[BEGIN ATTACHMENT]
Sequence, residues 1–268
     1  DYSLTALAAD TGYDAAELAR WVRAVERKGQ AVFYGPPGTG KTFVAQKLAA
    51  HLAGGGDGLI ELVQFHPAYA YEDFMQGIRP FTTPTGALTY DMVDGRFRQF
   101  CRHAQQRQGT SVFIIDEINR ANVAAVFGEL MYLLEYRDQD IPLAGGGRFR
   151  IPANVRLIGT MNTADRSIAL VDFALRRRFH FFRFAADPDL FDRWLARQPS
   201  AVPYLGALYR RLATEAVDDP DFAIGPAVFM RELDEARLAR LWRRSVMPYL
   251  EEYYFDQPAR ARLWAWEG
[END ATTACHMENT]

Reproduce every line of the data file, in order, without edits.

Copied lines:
Sequence, residues 1–268
     1  DYSLTALAAD TGYDAAELAR WVRAVERKGQ AVFYGPPGTG KTFVAQKLAA
    51  HLAGGGDGLI ELVQFHPAYA YEDFMQGIRP FTTPTGALTY DMVDGRFRQF
   101  CRHAQQRQGT SVFIIDEINR ANVAAVFGEL MYLLEYRDQD IPLAGGGRFR
   151  IPANVRLIGT MNTADRSIAL VDFALRRRFH FFRFAADPDL FDRWLARQPS
   201  AVPYLGALYR RLATEAVDDP DFAIGPAVFM RELDEARLAR LWRRSVMPYL
   251  EEYYFDQPAR ARLWAWEG